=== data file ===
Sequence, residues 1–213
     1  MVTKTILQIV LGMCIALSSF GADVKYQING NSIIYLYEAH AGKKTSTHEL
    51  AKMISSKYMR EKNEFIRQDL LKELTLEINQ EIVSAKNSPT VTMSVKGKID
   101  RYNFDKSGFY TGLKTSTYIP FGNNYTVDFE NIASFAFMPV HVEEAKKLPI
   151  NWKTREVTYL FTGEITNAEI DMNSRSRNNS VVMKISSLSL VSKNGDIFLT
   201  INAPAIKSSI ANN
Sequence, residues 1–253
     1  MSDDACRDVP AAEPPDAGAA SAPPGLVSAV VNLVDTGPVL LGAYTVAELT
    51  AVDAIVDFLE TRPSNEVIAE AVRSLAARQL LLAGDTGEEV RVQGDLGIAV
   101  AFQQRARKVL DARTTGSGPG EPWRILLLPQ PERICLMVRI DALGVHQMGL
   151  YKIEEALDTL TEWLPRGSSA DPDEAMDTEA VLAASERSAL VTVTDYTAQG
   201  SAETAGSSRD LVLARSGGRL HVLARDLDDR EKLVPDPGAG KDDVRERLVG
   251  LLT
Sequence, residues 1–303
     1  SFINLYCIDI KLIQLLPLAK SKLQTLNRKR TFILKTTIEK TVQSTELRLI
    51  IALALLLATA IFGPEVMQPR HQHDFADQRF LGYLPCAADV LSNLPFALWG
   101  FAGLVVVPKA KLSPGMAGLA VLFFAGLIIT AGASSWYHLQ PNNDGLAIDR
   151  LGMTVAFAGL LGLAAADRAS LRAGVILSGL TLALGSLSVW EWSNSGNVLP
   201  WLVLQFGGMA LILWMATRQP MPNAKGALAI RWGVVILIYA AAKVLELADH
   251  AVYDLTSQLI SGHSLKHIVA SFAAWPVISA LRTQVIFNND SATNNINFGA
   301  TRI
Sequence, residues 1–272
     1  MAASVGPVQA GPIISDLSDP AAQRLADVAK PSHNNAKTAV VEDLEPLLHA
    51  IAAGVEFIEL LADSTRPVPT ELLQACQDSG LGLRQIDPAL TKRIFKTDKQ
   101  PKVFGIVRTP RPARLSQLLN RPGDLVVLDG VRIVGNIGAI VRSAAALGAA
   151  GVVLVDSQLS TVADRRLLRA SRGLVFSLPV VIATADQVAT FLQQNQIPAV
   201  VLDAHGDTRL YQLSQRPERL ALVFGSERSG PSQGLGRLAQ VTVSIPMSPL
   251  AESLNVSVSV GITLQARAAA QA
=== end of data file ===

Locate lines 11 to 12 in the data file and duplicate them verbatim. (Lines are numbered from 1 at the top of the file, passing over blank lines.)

   151  YKIEEALDTL TEWLPRGSSA DPDEAMDTEA VLAASERSAL VTVTDYTAQG
   201  SAETAGSSRD LVLARSGGRL HVLARDLDDR EKLVPDPGAG KDDVRERLVG